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  1. Gloria Robinson said

    Lean Six Sigma: “Doing The Right Things & Doing Things Right”

    By Gloria A. Robinson, PMP, CSM

    My approach to the research of Lean Six Sigma was based upon Peter Drucker’s perspective, “Efficiency is doing the Right Things; Effectiveness is Doing Things Right.”

    As an IT Project Manager, I encourage our teams to do the right things, by striving to enhance business processes via business objectives, customer feedback, industry standards and best practices. However, it’s incumbent upon management to ensure that the teams are equipped with the right skill sets, and “tool box” to effectively and efficiently “do things right.”
    Lean Six Sigma, like Six Sigma, are “tool boxes” that were developed separately, but share similarities in that they challenge teams to think, analyze “an integrated disciplined approach for improving business performance, driven by data and based upon improving processes by understanding and controlling variation, thus improving predictability of business processes.” Bill Smith

    The concept of seeking first to understand, rather than be understood comes to mind when analyzing the benefits of Lean Six Sigma. However, data driven, business process modeling are the cornerstone for a logical and systematic approach to the five phases of DMAIC problem solving process, which are:
    1)Define, 2) Measure, 3) Analyze, 4) Improve, and 5) Control.

    Wikipedia: Lean Six Sigma is a synergized managerial concept of Lean and Six Sigma that results in the elimination of the seven kinds of wastes/mud (classified as Defects, Overproduction, Transportation, Waiting, Inventory, Motion and over Processing) and provision of goods and service at a rate of 3.4 defects per million opportunities (DPMO).

    The Lean Six Sigma concepts were first published in the book titled “Lean Six Sigma: Combining Six Sigma with Lean Speed” authored by Michael George in the year 2002. Lean Six Sigma utilizes the DMAIC phases similar to that of Six Sigma. The Lean Six Sigma projects comprise the Lean’s waste elimination projects and the Six Sigma projects based on the critical to quality characteristics. The DMAIC toolkit of Lean Six Sigma comprises all the Lean and Six Sigma tools. Training for Lean Six Sigma is provided through the belt based training system similar to that of Six Sigma. The belt personnel are designated as White Belts, Yellow Belts, Green Belts, Black Belts and Master Black Belts. “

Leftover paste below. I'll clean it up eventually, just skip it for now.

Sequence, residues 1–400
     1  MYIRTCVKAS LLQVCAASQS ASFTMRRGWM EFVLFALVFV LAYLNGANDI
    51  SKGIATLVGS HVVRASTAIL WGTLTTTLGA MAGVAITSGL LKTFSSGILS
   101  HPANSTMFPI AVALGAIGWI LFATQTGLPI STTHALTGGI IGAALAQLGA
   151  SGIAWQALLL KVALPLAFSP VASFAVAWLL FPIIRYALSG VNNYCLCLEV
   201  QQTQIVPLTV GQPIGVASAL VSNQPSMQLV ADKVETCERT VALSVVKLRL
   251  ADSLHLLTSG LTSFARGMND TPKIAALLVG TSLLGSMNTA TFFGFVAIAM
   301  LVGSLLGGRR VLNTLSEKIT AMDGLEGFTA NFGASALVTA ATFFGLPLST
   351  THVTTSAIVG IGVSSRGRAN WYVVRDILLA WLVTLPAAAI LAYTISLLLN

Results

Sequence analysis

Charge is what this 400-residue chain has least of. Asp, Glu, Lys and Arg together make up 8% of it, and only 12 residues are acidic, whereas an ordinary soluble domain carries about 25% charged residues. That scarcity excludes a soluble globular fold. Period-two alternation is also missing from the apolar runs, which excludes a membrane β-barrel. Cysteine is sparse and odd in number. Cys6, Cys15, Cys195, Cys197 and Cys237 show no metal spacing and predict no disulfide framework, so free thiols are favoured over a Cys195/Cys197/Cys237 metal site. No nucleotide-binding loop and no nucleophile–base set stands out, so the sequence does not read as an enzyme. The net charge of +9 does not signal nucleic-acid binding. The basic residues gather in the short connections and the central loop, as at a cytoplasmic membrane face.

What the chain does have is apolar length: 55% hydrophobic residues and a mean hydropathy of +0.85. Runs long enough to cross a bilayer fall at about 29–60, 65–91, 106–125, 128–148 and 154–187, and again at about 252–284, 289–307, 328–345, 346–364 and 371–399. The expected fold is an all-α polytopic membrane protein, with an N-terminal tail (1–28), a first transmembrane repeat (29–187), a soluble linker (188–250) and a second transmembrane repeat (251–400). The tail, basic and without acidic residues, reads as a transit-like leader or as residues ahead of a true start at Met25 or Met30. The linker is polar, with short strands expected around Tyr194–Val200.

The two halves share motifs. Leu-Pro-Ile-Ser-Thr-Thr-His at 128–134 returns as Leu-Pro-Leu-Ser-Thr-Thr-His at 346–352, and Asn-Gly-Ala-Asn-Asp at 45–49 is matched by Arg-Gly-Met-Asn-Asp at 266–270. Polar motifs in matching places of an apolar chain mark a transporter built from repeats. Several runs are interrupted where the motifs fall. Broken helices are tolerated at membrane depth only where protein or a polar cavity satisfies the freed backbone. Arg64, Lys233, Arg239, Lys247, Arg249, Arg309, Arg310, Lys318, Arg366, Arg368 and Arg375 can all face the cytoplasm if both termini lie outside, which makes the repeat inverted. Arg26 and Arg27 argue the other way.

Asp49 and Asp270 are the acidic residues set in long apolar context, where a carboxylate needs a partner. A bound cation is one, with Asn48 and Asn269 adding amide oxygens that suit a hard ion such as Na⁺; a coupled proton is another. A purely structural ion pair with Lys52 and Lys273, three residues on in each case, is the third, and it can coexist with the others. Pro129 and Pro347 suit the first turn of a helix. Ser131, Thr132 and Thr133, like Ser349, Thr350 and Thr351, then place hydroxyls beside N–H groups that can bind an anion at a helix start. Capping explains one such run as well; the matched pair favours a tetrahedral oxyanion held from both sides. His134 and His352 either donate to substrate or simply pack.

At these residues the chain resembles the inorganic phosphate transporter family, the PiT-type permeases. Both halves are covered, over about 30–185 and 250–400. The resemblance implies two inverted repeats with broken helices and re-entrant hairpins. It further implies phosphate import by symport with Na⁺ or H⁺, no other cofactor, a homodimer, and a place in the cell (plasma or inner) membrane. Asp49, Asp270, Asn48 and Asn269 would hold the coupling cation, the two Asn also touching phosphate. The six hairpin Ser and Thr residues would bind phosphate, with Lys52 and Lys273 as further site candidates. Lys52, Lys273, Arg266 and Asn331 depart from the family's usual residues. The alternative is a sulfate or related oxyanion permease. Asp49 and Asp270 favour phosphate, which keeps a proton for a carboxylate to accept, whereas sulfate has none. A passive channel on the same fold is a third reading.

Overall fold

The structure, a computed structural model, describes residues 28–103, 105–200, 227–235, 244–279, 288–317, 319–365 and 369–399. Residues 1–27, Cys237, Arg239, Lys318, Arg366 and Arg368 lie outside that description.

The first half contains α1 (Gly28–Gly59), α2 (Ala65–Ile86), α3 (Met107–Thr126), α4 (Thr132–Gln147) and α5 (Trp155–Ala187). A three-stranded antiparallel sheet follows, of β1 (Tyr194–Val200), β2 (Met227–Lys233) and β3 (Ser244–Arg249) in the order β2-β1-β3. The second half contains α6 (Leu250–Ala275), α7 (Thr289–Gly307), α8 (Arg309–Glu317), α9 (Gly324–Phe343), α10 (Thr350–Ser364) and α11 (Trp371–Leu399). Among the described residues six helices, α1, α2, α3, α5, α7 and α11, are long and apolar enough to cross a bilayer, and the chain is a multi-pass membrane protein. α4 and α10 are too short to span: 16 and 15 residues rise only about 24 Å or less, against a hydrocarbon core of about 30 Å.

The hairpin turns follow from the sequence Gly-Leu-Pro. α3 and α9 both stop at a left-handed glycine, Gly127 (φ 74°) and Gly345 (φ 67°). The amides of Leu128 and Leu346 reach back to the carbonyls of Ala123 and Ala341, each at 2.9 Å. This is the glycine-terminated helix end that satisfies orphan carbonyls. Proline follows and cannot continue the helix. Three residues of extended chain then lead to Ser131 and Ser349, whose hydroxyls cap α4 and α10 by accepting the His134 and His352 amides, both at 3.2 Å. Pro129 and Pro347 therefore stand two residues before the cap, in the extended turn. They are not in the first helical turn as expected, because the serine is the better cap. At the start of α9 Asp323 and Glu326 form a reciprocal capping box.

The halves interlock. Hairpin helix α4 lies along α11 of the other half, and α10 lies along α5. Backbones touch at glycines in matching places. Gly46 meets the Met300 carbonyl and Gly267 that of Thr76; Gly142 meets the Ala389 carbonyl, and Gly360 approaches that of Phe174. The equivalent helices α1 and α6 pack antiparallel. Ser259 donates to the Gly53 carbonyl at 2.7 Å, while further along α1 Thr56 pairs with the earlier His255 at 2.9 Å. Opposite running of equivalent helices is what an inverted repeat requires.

“Lean Six Sigma, a relatively well-known approach for achieving operational excellence, can, as it turns out, do more than simply improve processes. It can help leaders discover innovation opportunities far beyond operations, enhance financial performance and create organizations that have an inherent inclination toward innovation.”
    In my experience, the right strategy, operations; coupled with an empowered team, connected to the business direction and process model; will help re-engineer companies to meet the customers’ needs. It’s true, you can educate people, but you can’t make them think.

    Lean Six Sigma, Reengineering, and Business Process Modeling are viable tools to enable you to see the “big picture;” re-think and establish a true commitment for “doing things right and doing the right things.”

    How do we know that Lean Six Sigma is the “right thing”? It works. One of the pioneers of Lean was Honeywell, which calls its program, “Six Sigma Plus,” GE, IBM, as well as, several IT Shops.

    Although, lean principles are generally well established and have broad applicability, their extension from manufacturing to IT is only just emerging.[1] Indeed, Lean IT poses significant challenges for practitioners while raising the promise of no less significant benefits. And whereas Lean IT initiatives can be limited in scope and deliver results quickly, implementing Lean IT is a continuing and long-term process that may take years before lean principles become intrinsic to an organization’s culture.[2]

    The criticisms of Lean are varied, such as John Seddon’s “Rethinking Lean Service,” white paper. He “argues that ‘lean’ has become subsumed into the ‘business as usual’ of conventional service management. As a result, ‘lean’ has become synonymous with ‘process efficiency’ and the opportunity for significant performance improvement – as exemplified by Toyota – has been missed.”

    It seems the application of Lean tools and techniques present a bit of a challenge for some service industries. “Critics of Lean Service have suggested that problems arise when companies try to apply “Lean principles” to areas where creativity, ability to react to rapid external changes, need to spend an extensive amount of time to convince external parties (typically lobbying) or ability to successfully negotiate are needed; and that the downsides of Lean are reduced / eliminated creativity and ability to cope with the unexpected.”
    Lean IT, an extension of Lean manufacturing and Lean services principles, the key concept is the elimination of waste, “where waste is work that adds no value to a product of service.” Lean principles, historically, were applied to manufacturing rather than IT. Lean IT, when limited in scope, does deliver results.


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